Process, process, process. As a UXer, not only do you need to illustrate your process, but you must also be able to explain it in a clear and concise way. Communication is key and it is highly important for the interviewer to know that you would be able to design *anything* by using your methodology. 

Dear Applicant #57, you did not need to present your whole thesis once again as if we were your examination committee... 

When explaining your thesis (because after all, it could be your biggest project to-date, so don’t be afraid to talk about it!) you should highlight the process that you took and the reason why you took this route. You need to be able to explain why you chose this method to work with. Why did you or did you not iterate after this round? How did you validate your concept? What led you to make those decisions concerning which features to prioritise? A good portfolio is one that clearly covers all these questions and more. It’s not useful to have tons of examples with no explanation, or even if you only have a few projects — it really is the thought that counts.  

Ok, got it. But what do I use to show my process? If you are applying for UX position, show deliverables as wireframes, user flows, information architecture, low or hi-fi prototypes, your usability testing process, amongst other things. During interviews, while applicants generally showcase the end-result of their project, I tend to ask them to show their work-in-progress stages through wireframes to understand their way of working. Be prepared for this.  

What should I do with confidential stuff? We understand that in many cases, projects are covered by a large and muscular NDA from company-collaboration work you have done in the past. My advice would be to see how (and if!) you can go around the NDA. One option is to white label the contents, hiding all company-related information such as logos, description, etc. If you can do this, it allows you to show your process and deliverables without breaking any rules. Another option is to re-do the assignment (similar to mock study above) by changing the company to a fictional one, this way you are still telling a true-to-life story about your process which will come across just as valuably in your interview.  


Ending notes  

Of course, we all start somewhere when it comes to building our career. While many may believe that your first job defines your career, it is important to realise that you will always grow in different directions in the future. Do not put too much pressure on yourself. Regardless of what your first job may be, you are almost certainly building skills, learning from the experience and creating options for the long-term. It’s always better to start with *a* job and learn over time what you like (and what you don’t!), this simply makes for well-informed decisions later.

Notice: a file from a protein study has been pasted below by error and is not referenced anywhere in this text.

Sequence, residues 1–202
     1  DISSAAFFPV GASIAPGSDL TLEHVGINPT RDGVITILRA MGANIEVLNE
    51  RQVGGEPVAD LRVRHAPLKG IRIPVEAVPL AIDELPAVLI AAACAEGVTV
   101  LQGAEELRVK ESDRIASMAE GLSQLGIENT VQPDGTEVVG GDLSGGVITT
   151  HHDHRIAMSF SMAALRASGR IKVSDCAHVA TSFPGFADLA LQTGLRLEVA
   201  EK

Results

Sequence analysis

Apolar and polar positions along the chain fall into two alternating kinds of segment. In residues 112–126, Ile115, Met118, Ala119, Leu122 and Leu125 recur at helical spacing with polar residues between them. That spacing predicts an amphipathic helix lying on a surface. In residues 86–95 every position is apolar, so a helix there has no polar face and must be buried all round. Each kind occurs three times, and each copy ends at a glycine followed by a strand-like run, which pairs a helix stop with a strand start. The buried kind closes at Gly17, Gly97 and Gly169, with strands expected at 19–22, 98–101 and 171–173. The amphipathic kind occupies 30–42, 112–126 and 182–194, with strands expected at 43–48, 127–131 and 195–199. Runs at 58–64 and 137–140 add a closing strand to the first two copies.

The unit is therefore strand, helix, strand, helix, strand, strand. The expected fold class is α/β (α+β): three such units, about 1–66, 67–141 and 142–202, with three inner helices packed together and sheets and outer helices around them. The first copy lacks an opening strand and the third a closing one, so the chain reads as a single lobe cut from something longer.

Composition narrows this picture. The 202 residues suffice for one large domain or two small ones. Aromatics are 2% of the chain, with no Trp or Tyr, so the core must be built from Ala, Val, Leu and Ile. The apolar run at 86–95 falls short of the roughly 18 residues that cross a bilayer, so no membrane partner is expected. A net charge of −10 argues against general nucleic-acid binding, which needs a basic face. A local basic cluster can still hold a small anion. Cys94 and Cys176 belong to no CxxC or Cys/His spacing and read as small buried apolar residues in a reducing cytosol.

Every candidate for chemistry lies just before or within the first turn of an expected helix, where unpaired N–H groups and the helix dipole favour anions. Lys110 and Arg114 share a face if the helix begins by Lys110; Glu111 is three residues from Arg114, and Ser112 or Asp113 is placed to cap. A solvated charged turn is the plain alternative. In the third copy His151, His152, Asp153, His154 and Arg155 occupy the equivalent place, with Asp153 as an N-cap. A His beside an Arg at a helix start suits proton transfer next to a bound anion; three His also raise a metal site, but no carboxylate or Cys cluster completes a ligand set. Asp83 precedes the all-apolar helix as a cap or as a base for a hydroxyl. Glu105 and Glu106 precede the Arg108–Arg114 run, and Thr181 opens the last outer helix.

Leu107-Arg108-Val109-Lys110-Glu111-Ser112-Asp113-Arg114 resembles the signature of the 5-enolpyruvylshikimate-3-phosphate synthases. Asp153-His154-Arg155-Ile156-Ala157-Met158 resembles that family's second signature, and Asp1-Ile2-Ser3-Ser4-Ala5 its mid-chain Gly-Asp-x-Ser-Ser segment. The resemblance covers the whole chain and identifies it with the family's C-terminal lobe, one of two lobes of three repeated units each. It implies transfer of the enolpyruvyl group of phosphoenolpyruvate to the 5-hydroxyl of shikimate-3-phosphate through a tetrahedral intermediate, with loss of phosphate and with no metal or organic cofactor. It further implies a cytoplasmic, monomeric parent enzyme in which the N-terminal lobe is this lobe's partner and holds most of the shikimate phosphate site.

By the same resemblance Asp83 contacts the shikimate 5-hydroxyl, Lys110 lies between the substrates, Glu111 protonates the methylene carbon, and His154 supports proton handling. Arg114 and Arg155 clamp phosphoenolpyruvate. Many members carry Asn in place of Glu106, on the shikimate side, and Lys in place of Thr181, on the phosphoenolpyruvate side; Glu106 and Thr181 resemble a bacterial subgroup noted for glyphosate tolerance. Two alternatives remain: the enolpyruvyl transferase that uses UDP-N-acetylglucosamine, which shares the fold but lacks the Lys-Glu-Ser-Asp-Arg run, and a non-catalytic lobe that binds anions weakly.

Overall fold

Remember, as a recent graduate, you really do have an advantage over experienced designers. You’re much more likely to be are aware of the latest approaches and methodologies through what you were taught at school. Moreover, you have a ‘fresh brain’ and unlimited curiosity when it comes to new knowledge. You are open to exploring and discovering newer and improved techniques, as opposed to ‘doing it because we’ve always been doing it like that’. These are all reasons that you can, and will, land a brilliant UX job.  

If luck is not on your side this time, and you do not get invited for that interview you so badly wanted, perhaps it’s time to realise that it is not about you - it is likely about ‘the chemistry’. My concluding advice would be, always remember to never lose your passion. Passion goes a long way. A friend of mine once stepped in an elevator at an office building, found herself commenting on poor usability of the buttonsand to her surpriseended up getting a job offer from a co-passenger in that same elevatorwho happened to be looking for a UX expert. Stay (pro)active. Stay positive. And the future will look bright upon you.

Happy job-finding! 


This article is written by Eleonora Ibragimova and is part of series on getting hired as UX designer. Read here about what I wish I learnt at university ( to become a designer and keep an eye open for other parts of the series, such as how to nail that interview and what to do after